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Social Justice

Effect of Covid on Urban and Rural Poor

  • 08 May 2021
  • 5 min read

Why in News

Recently, a report by Hunger Watch claimed that Covid-19 has left the urban poor in India poorer, more hungry and with less nutrition than their rural counterparts.

Key Points

  • Economic Effect:
    • The food insecurity has prompted more people to enter the labour force (55% increase in the labour force among the respondents).
    • The economic crisis was deepening as people who lost their jobs were yet to find replacements and little had been accomplished after the lockdown for the revival of livelihoods in the informal sector.
    • Incomes reduced by half or a quarter for more than half the urban respondents while it was a little over one-third for rural respondents.
  • Public Distribution System & Social Sector Scheme Coverage:
    • A large section of rural residents could cushion the blow of pandemic-driven economic disruption due to foodgrain via the Public Distribution System (PDS). The urban poor’s access to such ration, however, was minimal.
    • The social security schemes also had relatively better coverage among the rural poor as rural areas had better access to PDS rations.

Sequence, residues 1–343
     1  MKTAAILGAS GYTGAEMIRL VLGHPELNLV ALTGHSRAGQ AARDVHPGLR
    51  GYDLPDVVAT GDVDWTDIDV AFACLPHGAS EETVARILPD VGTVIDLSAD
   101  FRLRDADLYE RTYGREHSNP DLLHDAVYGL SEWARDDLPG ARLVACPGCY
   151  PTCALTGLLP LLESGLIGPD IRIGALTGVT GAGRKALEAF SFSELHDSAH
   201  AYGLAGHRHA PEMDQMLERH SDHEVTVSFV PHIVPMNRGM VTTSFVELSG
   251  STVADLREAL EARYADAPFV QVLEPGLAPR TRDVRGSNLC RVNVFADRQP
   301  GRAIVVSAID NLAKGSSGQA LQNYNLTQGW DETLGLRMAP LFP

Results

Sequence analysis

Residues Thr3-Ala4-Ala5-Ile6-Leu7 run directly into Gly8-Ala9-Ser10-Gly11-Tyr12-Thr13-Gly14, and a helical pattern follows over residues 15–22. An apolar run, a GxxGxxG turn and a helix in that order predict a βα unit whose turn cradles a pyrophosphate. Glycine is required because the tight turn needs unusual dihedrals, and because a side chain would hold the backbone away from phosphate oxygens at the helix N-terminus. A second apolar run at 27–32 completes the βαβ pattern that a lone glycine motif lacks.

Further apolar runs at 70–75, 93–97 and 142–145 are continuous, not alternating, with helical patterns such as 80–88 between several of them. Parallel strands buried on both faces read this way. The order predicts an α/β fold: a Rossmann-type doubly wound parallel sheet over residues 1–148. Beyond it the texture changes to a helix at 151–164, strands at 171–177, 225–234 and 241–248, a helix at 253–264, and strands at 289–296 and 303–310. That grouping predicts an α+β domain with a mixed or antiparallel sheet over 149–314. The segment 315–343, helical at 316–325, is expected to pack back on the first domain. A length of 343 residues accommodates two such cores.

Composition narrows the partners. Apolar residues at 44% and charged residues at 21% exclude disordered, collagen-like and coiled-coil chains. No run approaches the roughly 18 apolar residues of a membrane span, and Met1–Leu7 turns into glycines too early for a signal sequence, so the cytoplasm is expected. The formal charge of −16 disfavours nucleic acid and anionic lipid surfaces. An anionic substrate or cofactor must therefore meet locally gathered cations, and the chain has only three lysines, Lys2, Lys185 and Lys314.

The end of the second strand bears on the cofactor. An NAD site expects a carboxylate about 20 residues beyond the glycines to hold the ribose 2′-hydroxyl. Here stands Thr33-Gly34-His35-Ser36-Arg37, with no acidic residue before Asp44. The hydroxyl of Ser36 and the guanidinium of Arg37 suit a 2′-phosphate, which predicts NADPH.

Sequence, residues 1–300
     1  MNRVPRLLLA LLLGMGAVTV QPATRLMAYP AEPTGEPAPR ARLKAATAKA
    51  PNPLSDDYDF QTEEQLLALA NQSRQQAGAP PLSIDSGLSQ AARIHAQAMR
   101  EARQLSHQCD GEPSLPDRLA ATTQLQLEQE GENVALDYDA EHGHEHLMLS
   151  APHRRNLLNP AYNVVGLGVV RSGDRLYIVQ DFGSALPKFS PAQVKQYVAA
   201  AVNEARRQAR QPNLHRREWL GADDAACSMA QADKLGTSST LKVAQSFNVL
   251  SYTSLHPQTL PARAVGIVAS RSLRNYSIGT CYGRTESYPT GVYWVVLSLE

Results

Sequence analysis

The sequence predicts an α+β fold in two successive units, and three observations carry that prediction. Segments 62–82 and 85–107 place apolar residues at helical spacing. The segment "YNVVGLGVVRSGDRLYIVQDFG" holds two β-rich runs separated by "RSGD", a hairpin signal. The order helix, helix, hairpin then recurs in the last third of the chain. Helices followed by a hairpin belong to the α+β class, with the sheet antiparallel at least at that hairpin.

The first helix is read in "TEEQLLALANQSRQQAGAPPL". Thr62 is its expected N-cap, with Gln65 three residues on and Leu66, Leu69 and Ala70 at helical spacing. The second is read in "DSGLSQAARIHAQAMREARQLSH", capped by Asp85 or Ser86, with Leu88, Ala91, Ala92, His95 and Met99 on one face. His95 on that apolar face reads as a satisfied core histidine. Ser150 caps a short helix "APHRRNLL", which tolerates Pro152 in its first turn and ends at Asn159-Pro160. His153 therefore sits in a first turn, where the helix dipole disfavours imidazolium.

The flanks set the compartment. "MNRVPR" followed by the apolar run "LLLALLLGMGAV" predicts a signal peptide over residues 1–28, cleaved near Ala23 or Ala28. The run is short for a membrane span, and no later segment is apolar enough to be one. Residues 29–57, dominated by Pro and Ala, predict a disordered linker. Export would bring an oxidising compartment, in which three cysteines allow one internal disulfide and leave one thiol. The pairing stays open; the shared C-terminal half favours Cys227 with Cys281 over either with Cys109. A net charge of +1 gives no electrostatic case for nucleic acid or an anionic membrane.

• A larger proportion of households in urban areas did not have access to ration cards.
  • Nutrition and Hunger:
    • A decline in nutritional quality and quantity was more among the urban respondents as was the need to borrow money for buying food.
    • Overall, levels of hunger and food insecurity remained high, with little hope of the situation improving without measures specifically aimed at providing employment opportunities as well as food support.
    • Even when India had a record food grain production at 296.65 million tonnes in the 2019-20 crop year (July-June), beating the target of 291.1 million tonnes and 4% higher than 2018-19, the net of hunger became more widespread as more people had to start skipping some meals in a day.
    • Things were much worse for socially vulnerable groups such as households headed by single women, households with people having disabilities, transgender people and old persons without caregivers.
  • National Family Health Survey (NFHS) data:
    • The figures in the Hunger Watch report are alarming, especially when seen in conjunction with the recent rounds of NFHS data.
    • The NFHS data has shown either a worsening or stagnation in malnutrition outcomes such as prevalence of stunting and wasting among children and high levels of anaemia among women and children.
  • Government Initiatives to Mitigate the Effects of Covid:

Way Forward

  • Since the majority of the poor already had low incomes to begin with, a further reduction in household income is akin to taking a bullet train to hunger. This calls for special attention on social protection measures including schemes for provision of subsidised food and employment guarantee in urban areas.

Source: DTE

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